There were more stones than potatoes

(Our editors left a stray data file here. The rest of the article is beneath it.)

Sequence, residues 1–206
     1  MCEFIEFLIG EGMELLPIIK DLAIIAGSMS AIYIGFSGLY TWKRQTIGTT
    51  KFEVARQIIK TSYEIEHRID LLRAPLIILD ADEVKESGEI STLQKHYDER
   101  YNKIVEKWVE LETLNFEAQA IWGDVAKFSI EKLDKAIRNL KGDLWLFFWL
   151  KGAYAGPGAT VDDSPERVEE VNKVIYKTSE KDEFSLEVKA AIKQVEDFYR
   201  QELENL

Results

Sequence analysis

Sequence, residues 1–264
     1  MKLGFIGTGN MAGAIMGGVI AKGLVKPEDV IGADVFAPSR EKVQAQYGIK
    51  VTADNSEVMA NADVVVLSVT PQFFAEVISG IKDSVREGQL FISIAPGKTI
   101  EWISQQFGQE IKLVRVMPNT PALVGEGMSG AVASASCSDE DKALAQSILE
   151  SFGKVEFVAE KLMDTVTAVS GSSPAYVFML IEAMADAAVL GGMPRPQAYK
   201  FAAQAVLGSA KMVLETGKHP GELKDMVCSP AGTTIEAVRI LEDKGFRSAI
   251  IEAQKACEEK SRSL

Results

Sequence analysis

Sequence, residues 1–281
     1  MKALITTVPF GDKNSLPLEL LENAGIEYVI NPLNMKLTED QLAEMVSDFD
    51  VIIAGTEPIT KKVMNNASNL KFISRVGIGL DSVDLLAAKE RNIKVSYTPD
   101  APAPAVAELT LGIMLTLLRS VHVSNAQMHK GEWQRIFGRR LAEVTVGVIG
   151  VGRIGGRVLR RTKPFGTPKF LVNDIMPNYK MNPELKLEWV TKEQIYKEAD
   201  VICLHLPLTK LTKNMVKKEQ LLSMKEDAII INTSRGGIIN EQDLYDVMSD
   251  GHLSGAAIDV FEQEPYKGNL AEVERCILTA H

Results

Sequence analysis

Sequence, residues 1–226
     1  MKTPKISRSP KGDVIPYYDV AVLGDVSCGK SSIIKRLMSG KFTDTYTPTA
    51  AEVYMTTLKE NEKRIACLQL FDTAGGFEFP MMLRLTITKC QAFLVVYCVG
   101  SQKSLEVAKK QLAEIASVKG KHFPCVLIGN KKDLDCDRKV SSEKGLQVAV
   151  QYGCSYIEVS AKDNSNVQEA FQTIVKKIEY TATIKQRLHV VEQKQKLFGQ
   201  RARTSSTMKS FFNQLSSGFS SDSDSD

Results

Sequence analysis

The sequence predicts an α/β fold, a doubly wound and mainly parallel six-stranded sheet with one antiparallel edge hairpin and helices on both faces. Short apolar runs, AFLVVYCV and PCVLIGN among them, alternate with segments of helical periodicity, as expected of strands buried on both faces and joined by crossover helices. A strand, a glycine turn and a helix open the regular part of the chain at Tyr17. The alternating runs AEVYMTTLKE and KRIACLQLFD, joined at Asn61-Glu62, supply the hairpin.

Alois Matěj was born on 21 March 1924 in Bartoňov, Šumperk region. At the age of two he contracted polio, which had serious lifelong health consequences. His right arm got paralysed and he underwent several operations on his leg. It was probably because of his health limitations that he was not called up for forced labour during World War II. However, the labour office sent him to the glassworks in Rapotín, twenty kilometres away, and only after two years did he manage to switch to the Olšany paper mills. In this job, because of persistent problems with his leg, he refused to be standing up during a remembrance ceremony for Stalin and Gottwald in 1953. He was then reassigned to another job, and Alois Matěj, fearing further consequences, gave his notice. Until his retirement he worked as a clerk for the Czechoslovak railways (ČSD) in Hanušovice. In 1956 he married Zdenka Johnová and in the following six years their three sons were born. The family then lived in a two-room house in Radomilov, which was only connected to the water supply in 2010. Since his wife’s death in 2019, he has lived alone in remote Radomilov.